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THE CUTTING EDGE: FOCUS ON PERSONAL TECHNOLOGY | E-Review
/ A Weekly Look at Technology, Product or Service

A Novel Device, Electronic Books Are Still Far From an Easy Read

March 02, 2000|KAREN KAPLAN | TIMES STAFF WRITER

Someday, books printed on paper will be replaced by lightweight digital readers that can store hundreds of titles, download books from the Web that cost a fraction of the price of their pulpy ancestors, and even eliminate the need for a light while reading in bed at night.

That day is still far away.

I spent a couple of weeks testing two electronic books now on the market: NuvoMedia's Rocket EBook and the SoftBook Reader by SoftBook Press. They offer a tantalizing, but horribly expensive, glimpse of this paperless future and are far more frustrating than they are worth.

Among the shortcomings: It's hard to tell on a Rocket EBook how many pages are left in a chapter and how close you are to the end of a book. The SoftBook Reader prevented me from turning past a certain page because the book I was reading had "crashed." And the library of contemporary e-books available for the devices is extremely limited.

Then there's the high cost. If the Rocket EBook is a stretch at $199, the SoftBook Reader is absurdly overpriced at $599.95. (SoftBook's device is also available for $299.95 if you agree to spend $19.95 a month for 24 months at their SoftBookstore.) And you have to pay extra for the books, which can cost more than conventional books.

These and other problems will likely be solved within a few years, thanks in part to more powerful and less expensive computer chips. Gemstar International Group, the deep-pocketed Pasadena firm that created VCR Plus, bought NuvoMedia and SoftBook Press earlier this year and plans to invest in technology improvements for the readers. As the devices become cheaper and more widely deployed, publishers will presumably make more titles available to customers who prefer to read digitally.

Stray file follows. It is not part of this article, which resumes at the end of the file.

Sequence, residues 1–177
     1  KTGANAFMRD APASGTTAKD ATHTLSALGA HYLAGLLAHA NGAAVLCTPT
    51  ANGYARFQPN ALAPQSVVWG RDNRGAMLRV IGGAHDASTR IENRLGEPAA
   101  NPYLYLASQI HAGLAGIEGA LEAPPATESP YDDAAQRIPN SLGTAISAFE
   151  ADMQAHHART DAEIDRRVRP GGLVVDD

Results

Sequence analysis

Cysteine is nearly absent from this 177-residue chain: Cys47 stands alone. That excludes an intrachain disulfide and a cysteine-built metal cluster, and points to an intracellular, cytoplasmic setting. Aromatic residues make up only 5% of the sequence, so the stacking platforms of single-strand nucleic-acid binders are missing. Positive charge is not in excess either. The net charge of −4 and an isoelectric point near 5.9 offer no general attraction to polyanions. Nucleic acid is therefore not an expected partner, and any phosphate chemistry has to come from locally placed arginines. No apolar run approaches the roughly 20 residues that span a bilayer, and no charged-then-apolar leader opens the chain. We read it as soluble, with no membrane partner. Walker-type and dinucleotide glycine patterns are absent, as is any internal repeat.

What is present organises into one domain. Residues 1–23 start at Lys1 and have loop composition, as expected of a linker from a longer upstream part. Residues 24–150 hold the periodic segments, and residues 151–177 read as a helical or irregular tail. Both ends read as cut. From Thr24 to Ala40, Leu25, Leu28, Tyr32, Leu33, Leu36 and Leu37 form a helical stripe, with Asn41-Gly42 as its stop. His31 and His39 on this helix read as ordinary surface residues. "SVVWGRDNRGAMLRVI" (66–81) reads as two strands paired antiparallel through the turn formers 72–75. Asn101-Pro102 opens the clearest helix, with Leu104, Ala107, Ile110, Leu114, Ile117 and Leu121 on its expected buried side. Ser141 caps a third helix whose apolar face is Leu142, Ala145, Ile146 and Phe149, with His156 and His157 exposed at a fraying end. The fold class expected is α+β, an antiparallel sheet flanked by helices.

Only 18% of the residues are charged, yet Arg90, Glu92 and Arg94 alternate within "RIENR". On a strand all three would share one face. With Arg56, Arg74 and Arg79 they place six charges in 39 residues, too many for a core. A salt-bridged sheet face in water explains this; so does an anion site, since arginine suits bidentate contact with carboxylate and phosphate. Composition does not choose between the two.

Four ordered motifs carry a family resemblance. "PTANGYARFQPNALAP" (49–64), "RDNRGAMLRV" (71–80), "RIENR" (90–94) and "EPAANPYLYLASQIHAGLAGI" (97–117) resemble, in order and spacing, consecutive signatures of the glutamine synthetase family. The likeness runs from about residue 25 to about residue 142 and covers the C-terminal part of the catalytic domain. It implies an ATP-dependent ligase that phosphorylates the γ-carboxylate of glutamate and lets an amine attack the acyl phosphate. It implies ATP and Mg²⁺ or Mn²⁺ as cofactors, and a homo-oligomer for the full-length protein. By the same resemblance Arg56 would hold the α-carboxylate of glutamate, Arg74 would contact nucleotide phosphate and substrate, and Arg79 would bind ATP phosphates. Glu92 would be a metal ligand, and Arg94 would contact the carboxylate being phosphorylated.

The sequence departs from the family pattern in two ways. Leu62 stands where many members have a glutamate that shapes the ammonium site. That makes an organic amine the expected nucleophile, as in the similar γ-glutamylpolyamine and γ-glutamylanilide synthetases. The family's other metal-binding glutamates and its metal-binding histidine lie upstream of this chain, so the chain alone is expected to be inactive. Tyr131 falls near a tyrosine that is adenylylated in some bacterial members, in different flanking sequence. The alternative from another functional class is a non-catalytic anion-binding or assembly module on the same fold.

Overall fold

For consumers who want an e-book today, the Rocket EBook is clearly the better of the two devices. It is about the size of a VHS video cassette--5 inches by 7 1/2 inches and 1 1/2 inches thick--and at 1.4 pounds, it weighs about as much as a hardcover book. The screen size is 3 inches by 4 1/2 inches, comparable to the printed page of a paperback but holds only about a third as much text.

It's easy to cozy up with the Rocket EBook. One of its sides is curved for easy gripping. The page-forward and page-back buttons are conveniently embedded there, and pages of text cascade onto the screen smoothly. The backlit screen makes it easy to read in almost any light, even complete darkness, without straining your eyes. Using the stylus that slips into the back, it is simple to change the orientation of the screen so that the page can be displayed vertically or horizontally.

Getting to this stage, however, takes considerably more effort than visiting a bookstore. First, I downloaded RocketLibrarian software from the Rocket EBook Web site (http://www.rocket-ebook.com). The registration and setup process took about 20 minutes and was easy to follow. Then it was time to go book shopping at the sites that sell RocketEditions.

The digital bookshelves at Barnesandnoble.com and Powell's Books are crammed with writers such as Homer, William Shakespeare and Charles Dickens, whose works are in the public domain and cost about $5 apiece. But the selection of current books is decidedly more limited. The best-selling Harry Potter books are not available for the Rocket EBook, for instance. After much browsing, I finally settled on "Personal Injuries" by Scott Turow.

Then came the second disappointment. The electronic version of the Turow book cost $21.60 on Barnesandnoble.com, compared with $18.90 for a paper version. I had expected to get a deep discount because I wasn't paying for paper, ink, warehousing or shipping.

After buying the book, Barnesandnoble.com displayed a Web address where I could download the book to the RocketLibrarian program on my computer. Then I plugged the Rocket EBook Cradle into the back of my PC, slipped the Rocket EBook into the cradle and clicked a button to transfer the title to my Rocket EBook. The download took just a couple of minutes, and then transferring it to the device in the cradle was even faster.

Reading was easy, especially with the large, bold text. With a stylus you can set bookmarks, highlight passages and make notes using the on-screen keyboard. It comes with a handy leather case that zips shut and has a handle for easy toting.

But I still don't think the Rocket EBook is worth $199. The small number and high cost of current titles is a turnoff, but the most irritating thing was my inability to track my reading progress. I like to reach the end of a chapter before closing a book, but it was cumbersome to flip ahead to see how close I was. It was also disconcerting because I had no idea whether Chapter 10 was closer to the book's beginning or end.

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